What is Ventricular Fibrillation?
Another dangerous type of arrhythmia is Ventricular fibrillation, which is an irregular heart rhythm. Ventricular fibrillation (V-Fib) directly affects the heart’s ventricles, as described in its name. The human heart is made up of four chambers. Each chamber has its job. The two lower or bottom chambers are known as ventricles.
In healthy conditions, the human heart pumps blood through these chambers forcing blood circulation throughout the body. V-Fib is known as “ventricular fibrillation” because it begins from ventricles. When the Sinoatrial Node (SA Node) sends wrong electric signals that instruct the heart to fibrillate instead of pumping blood, it causes abnormal heart rate. The fibrillation or quivering of the heart leads to no pumping of blood throughout your body. If ventricular fibrillation occurs several times, then it is known as an “electrical storm.”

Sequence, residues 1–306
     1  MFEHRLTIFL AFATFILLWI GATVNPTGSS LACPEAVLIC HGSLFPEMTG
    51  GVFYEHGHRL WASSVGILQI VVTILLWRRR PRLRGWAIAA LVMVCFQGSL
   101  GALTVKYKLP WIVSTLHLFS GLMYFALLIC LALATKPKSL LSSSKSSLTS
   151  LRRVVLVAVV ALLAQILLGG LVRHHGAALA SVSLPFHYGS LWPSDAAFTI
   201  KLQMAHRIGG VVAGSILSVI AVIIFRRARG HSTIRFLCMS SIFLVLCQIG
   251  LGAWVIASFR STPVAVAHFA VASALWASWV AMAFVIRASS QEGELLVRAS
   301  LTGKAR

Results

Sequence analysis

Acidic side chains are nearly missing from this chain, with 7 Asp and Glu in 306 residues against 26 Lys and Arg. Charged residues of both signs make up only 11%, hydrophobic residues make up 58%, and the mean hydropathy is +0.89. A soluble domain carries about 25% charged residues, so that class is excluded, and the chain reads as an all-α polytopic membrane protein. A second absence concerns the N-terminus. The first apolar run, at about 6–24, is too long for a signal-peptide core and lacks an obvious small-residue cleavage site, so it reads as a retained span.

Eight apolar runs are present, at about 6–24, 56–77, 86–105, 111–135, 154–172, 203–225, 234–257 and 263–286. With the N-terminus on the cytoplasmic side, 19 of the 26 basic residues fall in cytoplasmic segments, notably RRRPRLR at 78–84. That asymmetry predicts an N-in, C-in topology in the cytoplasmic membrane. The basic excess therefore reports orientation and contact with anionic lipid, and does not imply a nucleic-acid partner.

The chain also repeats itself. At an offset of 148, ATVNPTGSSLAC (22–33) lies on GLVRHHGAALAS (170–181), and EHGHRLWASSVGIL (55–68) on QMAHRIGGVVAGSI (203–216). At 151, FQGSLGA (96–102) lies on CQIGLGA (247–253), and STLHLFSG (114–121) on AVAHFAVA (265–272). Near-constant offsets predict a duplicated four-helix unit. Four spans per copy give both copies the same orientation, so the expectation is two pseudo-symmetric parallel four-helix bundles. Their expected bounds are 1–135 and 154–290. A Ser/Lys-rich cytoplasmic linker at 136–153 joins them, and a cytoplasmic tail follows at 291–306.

Treatment: ICD (implantable cardioverter-defibrillator) insertion or antiarrhythmic drug therapy
Risk elements for ventricular fibrillation:
Ventricular fibrillation could be triggered due to the following:
- cardiomyopathy (weakness of heart muscle)
- an acute or prior myocardial infarction (heart attack)
- genetic or inherited diseases like Brugada disease, or hypertrophic cardiomyopathy, long or short Q.T. syndrome
- reaction to medications
- congestive heart failure
- ischemic cardiomyopathy
- abnormalities in the electrical activity or electrolytes
What is Ventricular Tachycardia?